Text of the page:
As with most technology, features tend to improve and costs tend to decrease over time. These technologies are available today. The challenge is to identify the most cost-effective technologies to enhance Patient Access Department performance, to integrate the technologies as part of a comprehensive revenue cycle strategy, to implement the technologies effectively, and to use them to the full extent of their features and functions.
As with the selection, purchase, and implementation of any technology, the best approach is to involve all those who have a stake in the outcome. Patient Access is but one part of the revenue cycle, and any technology intended to improve efficiency, productivity, quality, etc. must be considered in light of the overall revenue cycle strategy. Ideally, there will be seamless integration between revenue cycle systems currently in use and any new technology being implemented.
Input from PFS, HIM, Case Management, Information Systems, Finance, and other departments will be necessary to ensure that system requirements are clearly defined, expectations are realistically stated, current applications and overlapping needs are considered, contractual provisions with the vendor address all requirements and contingencies, and that the resulting decision will be supported by all factions. Assemble a task force with representatives from each of the appropriate areas to drive the selection process.
When the technology has been selected and purchased, identify an implementation team that will be responsible for all the tasks associated with bringing the technology to the go-live date. Project management and realistic allocation of project resources will be of particular importance. In conjunction with the technology vendor, and with input from those with a stake in the implementation, develop a project work plan. It is important to remember that the implementation team resources already have a full-time job, so be realistic in determining the extra work load they can carry, relative to technology implementation. This is often a stumbling block when hospitals choose to implement technology using only internal resources.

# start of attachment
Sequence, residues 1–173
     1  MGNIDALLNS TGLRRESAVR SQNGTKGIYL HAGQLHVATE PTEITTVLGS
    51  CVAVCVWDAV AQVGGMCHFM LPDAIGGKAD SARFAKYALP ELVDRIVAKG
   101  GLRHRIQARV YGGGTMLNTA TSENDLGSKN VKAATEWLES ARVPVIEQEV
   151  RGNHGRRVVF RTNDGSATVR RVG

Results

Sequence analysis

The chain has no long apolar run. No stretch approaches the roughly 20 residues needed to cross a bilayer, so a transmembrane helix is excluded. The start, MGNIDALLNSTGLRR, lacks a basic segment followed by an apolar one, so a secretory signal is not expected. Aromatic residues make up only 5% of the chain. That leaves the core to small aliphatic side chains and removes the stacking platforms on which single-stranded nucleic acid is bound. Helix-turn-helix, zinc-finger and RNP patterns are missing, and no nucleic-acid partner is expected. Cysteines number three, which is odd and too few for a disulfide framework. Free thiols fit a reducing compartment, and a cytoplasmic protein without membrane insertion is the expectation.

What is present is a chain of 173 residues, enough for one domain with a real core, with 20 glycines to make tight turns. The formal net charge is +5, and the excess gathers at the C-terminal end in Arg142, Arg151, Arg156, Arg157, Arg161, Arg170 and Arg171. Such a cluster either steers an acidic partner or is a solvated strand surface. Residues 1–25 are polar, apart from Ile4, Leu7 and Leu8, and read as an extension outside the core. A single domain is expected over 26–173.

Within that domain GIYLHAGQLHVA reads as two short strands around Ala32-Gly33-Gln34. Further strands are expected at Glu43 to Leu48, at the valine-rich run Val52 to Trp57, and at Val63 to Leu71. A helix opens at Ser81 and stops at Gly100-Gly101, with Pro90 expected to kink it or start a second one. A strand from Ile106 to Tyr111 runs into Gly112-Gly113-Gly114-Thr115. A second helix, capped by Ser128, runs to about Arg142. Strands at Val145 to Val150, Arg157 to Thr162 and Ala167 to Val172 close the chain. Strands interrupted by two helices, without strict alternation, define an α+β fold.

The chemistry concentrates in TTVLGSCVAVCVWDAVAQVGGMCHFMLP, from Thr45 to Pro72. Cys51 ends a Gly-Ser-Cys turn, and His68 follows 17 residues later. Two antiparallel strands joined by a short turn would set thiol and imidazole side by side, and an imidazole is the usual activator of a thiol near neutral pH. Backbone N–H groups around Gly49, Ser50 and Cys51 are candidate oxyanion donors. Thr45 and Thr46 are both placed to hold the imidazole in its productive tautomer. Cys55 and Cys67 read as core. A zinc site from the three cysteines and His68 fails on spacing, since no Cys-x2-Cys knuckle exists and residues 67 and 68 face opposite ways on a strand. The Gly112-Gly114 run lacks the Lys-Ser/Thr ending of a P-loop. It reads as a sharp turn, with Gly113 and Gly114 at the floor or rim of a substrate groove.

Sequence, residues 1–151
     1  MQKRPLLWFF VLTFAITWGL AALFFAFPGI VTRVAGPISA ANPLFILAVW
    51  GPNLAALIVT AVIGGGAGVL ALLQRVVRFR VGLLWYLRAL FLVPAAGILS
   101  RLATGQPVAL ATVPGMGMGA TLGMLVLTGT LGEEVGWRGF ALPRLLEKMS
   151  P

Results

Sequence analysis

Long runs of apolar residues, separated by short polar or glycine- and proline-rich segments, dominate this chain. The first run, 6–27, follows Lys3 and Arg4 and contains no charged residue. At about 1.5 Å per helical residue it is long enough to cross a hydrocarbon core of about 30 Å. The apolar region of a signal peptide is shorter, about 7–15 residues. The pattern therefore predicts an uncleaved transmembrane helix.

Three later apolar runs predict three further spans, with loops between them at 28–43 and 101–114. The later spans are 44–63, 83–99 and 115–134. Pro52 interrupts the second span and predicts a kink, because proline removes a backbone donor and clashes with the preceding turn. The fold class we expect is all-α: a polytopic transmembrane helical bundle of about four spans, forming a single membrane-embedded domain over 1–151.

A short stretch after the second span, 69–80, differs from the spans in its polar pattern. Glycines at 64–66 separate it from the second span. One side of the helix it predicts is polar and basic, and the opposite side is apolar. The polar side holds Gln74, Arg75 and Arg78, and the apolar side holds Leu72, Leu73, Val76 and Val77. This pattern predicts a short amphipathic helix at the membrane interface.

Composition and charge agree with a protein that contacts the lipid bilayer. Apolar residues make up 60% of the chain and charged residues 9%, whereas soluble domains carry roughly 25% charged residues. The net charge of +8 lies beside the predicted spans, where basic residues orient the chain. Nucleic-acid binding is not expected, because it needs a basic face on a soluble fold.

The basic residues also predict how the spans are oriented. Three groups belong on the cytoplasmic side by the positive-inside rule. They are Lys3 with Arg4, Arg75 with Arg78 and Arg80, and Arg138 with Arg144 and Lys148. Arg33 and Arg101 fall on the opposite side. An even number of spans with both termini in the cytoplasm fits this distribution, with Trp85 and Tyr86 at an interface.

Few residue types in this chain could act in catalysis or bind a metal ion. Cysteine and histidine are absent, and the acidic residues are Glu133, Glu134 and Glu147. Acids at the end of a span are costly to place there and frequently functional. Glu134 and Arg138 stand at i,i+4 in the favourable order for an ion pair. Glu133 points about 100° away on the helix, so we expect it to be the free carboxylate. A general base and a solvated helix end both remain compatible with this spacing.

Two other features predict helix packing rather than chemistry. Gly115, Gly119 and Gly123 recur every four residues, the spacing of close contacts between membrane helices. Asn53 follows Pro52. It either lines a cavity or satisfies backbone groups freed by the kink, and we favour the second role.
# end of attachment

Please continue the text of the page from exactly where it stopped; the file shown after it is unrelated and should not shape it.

After the technology has been successfully implemented, obtain feedback from the implementation team to determine what could have been done to improve the process. In this way, future implementations can benefit from the experience of the current project.
Summary Few hospitals can afford the financial impact or customer service issues associated with a sub-par performance on the part of their Patient Access departments. There is an abundance of technology available today to enhance performance, providing benefits such as improved cash flow, reduced costs, decrease in rejections and denials, improved successful appeals rate, reduced bad debt, improved staff productivity, improved staff accuracy rates, and improved customer satisfaction. Give your Patient Access Department the tools it needs to do its job as efficiently and effectively as possible.
We are pleased to have the opportunity to present this information to you. If you have any questions or need assistance with technology selection, implementation, or enhancement, please contact me at 610-909-9294 or Kim Hollingsworth, Partner, at 610-517-1386.
Chris Karman Director IMA Consulting
IMA Consulting is the team you can trust to solve your healthcare finance and management challenges. Our consulting services are leveraged by hospitals and health systems throughout the United States. Each engagement is led and staffed with experts, with over 20 years of experience in a range of healthcare management specialties, including Operations Improvement, Revenue Management, and Regulatory Services.